A mountain lion in the Santa Cruz Mountains.
(Sebastian Kennerknecht)
Environment

Lockdown-emboldened mountain lions ventured farther into urban areas, UCSC researchers say

UCSC researchers who have tracked pumas in the Santa Cruz Mountains for years saw that the big cats started moving closer to, or even into, more densely populated areas within days of shelter-in-place orders taking effect last year.

If it seems we heard more about mountain lions appearing in Santa Cruz County neighborhoods over the past year or so, you’re not imagining it.

New research from scientists at UC Santa Cruz found that when human activity came to an abrupt halt in 2020 after COVID-19 lockdown measures hit, mountain lions quickly adapted their behavior and began venturing much closer to urban areas.

The study was led by Chris Wilmers, an environmental studies professor at UCSC, and published in the journal Current Biology. Wilmers and his research lab continuously monitor mountain lions in the Santa Cruz Mountains area they’ve fitted with GPS collars, so they were able to compare the movement of six pumas before and during shelter in place — a period other researchers have dubbed “the anthropause.”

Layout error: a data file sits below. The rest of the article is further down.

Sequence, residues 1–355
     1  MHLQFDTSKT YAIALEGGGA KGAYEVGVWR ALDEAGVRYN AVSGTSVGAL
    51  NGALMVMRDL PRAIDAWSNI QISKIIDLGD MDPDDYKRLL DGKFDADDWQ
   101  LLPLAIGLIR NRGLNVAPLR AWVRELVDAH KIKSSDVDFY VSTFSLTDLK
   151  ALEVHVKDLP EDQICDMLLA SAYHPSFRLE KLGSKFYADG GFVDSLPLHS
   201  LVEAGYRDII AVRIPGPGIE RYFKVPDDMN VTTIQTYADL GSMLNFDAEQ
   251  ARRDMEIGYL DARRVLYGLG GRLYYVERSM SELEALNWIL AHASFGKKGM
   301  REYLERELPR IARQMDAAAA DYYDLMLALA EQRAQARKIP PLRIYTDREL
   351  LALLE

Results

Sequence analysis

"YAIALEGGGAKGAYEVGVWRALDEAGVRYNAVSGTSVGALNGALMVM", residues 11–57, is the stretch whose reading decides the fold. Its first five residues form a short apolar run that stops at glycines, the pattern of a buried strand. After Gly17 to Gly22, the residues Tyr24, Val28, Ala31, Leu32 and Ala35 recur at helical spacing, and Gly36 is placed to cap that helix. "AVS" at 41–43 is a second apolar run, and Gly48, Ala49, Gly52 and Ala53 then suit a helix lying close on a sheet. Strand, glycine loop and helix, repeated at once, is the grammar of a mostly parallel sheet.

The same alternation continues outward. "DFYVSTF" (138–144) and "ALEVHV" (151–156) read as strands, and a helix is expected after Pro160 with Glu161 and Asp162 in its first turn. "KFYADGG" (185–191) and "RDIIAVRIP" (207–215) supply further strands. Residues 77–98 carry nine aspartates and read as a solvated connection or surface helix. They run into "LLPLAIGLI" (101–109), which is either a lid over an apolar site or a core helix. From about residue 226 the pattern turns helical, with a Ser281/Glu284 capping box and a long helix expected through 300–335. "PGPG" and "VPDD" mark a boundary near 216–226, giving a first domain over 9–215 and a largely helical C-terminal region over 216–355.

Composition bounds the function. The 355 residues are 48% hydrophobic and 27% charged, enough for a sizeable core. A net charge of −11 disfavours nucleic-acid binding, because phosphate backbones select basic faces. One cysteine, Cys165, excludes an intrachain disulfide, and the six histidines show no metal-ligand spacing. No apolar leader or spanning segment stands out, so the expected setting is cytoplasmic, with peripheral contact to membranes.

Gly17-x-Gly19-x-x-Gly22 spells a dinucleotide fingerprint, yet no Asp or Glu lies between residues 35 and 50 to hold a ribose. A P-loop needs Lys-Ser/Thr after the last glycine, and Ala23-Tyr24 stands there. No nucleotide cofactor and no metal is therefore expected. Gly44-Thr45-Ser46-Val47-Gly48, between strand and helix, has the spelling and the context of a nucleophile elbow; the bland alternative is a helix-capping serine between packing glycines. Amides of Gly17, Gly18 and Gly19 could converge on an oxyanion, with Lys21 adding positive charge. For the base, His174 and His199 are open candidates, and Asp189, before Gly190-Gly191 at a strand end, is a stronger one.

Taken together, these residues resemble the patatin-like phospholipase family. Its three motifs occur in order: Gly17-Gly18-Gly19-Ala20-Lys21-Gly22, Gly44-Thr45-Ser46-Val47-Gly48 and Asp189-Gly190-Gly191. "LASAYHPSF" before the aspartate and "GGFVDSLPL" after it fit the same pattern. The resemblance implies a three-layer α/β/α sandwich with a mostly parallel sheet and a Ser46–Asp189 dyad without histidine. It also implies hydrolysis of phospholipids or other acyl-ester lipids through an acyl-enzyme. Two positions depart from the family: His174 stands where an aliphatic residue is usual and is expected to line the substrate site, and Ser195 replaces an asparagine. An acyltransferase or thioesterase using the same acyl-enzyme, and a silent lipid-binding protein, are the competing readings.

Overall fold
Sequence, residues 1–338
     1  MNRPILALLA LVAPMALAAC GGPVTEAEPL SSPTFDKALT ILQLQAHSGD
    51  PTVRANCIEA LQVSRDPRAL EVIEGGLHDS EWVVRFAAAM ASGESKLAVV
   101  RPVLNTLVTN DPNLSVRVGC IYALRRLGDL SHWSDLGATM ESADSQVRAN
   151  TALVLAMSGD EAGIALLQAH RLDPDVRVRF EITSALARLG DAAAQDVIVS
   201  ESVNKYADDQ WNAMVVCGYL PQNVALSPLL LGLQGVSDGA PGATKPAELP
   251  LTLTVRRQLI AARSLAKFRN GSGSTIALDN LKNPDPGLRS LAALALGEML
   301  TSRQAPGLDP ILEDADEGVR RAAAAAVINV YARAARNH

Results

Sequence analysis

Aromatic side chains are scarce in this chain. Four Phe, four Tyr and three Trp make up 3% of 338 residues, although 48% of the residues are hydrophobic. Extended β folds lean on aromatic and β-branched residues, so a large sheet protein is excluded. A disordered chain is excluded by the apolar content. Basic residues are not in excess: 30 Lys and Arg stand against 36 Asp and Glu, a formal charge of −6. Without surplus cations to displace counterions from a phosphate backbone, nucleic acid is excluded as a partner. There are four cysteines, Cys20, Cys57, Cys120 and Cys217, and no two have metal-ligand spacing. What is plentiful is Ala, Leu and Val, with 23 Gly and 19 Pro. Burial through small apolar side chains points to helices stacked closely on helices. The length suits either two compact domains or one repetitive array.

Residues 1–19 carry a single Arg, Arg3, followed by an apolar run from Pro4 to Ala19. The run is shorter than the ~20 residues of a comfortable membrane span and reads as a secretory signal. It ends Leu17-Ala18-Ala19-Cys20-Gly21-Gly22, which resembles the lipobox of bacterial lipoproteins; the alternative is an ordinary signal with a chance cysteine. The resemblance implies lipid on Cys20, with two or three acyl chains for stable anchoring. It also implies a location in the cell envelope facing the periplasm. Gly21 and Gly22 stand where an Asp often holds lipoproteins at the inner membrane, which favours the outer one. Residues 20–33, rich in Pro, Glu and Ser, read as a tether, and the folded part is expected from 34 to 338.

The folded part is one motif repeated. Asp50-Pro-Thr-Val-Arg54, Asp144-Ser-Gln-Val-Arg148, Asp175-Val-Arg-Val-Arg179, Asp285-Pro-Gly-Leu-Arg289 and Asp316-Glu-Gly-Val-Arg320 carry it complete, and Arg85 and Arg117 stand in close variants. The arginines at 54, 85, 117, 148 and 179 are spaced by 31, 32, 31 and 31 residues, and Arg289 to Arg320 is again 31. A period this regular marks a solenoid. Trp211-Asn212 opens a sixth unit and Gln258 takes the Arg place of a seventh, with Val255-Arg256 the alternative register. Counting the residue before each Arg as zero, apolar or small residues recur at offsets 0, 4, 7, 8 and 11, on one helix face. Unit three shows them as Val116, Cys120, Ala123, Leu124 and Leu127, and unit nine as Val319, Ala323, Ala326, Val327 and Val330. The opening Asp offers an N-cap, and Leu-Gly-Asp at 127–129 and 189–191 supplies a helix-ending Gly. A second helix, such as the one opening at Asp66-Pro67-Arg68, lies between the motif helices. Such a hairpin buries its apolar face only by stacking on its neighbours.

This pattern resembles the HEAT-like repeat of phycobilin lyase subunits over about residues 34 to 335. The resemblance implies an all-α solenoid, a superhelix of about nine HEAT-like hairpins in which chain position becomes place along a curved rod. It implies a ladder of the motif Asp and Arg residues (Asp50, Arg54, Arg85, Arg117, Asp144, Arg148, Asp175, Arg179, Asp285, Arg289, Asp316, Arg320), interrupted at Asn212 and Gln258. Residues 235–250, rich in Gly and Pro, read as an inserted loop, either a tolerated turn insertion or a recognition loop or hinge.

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“When the shelter-in-place orders started, it was immediately clear that things were very different,” Wilmers said in a news release from UCSC. “You’d go outside and there were very few cars. Entire neighborhoods were completely quiet. So we wondered how this might affect the mountain lion population. Would they respond this quickly to reduced human presence?”

As it turns out, they did: The big cats were significantly more likely to come close, or venture into, densely populated areas within weeks or even days of the first COVID-19 lockdowns.

Wilmers previously published research describing how mountain lions navigate a “landscape of fear,” carefully maintaining distance from human noise and activity because it is a big stressor for them. When fear moved humans to retreat into their own homes, pumas — and other wild animals — were emboldened.

“Humans have always been the top dog in landscapes of fear, but this study shows that those influences of humans can be reversed relatively quickly,” Wilmers said.